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Letters


State Supervision Under The Guise Of Protection D


ear Beast, I would like to raise the question of the justification for the scale of the police presence at Bronte Park on Christmas Day. The police attitude towards our community is a subtle but important reflection of how our society functions. I took a photo at 10.00am on Christmas morning with ten fully armed uniformed police patrolling Bronte Park. The scene was an extraordinary display of heavy handed policing with three police next to the tram shed entrance and three pairs of police walking amongst picnic blankets in the park supervising the public.


Alcohol is not banned in the park, only the beach, so what kind of behaviour would the police decide warranted possible arrest in the park on Christmas morning? Too much brandy sauce on our pudding? Someone pulling a loud cracker and causing a disturbance?


People enjoying themselves on picnic rugs obviously need police supervision in case the day turns


into a drunken riot.


This was in my opinion a ridiculous passive-aggressive display by the police. There is a huge difference between community policing on Christmas morning and overbearing police supervision of the public. What also is sad is the community’s acceptance by stealth of this kind of policing. Is this the 21st Century Australia that we wish to experience, with ten armed police watching a family park for possible drunks on Christmas morning? The police at Waverley informed me this was an operation involving Bondi and other beaches to keep backpackers under control. Hordes of drunken backpackers were apparently poised to cause havoc on Christmas morning in Bronte Park!!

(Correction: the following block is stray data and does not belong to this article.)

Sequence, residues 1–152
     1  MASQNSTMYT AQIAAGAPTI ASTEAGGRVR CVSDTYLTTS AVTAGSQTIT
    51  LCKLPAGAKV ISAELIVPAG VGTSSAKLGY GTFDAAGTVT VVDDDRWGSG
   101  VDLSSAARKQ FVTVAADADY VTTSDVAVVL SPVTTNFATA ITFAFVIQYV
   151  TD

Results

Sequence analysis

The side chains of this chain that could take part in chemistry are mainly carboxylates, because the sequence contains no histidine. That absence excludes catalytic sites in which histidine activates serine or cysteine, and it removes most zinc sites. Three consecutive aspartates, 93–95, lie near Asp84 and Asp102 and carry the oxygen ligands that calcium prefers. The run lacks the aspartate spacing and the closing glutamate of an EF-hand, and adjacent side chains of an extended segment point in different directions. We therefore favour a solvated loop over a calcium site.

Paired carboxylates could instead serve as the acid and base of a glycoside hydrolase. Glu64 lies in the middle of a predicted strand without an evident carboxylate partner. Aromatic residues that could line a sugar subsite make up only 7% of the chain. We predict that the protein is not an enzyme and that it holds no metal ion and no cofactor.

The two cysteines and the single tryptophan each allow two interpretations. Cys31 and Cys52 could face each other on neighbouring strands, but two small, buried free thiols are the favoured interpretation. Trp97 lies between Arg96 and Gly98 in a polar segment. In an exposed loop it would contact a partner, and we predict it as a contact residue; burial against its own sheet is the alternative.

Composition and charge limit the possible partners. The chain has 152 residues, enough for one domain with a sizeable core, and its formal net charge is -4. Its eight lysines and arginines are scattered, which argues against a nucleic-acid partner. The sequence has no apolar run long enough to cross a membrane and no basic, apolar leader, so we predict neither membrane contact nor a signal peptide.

As everyone including the police should know, there is a big difference between the police supervising public behaviour at Bondi Beach and the activities in Bronte Park.


A couple of police subtly situated somewhere in the park environs is one thing, however armed police walking amongst the BBQs and picnic blankets is an exaggerated police action that in my opinion seriously threatens the relaxed good will of our community. Other unfortunate parts of the world suffer this kind of police, now Bronte. The reactionary reply that I will be happy when I need the police misses the point, no doubt the more police the better irrespective of the supposed threat is the attitude of such individuals. That however is not the Bronte community that I have experienced in the past or believe is necessary for our well being.


If this is a new police reality it needs our political representatives to immediately address the issues of our community rights and our freedom of assembly without state supervision under the guise of police protection. David Chambers, Bronte


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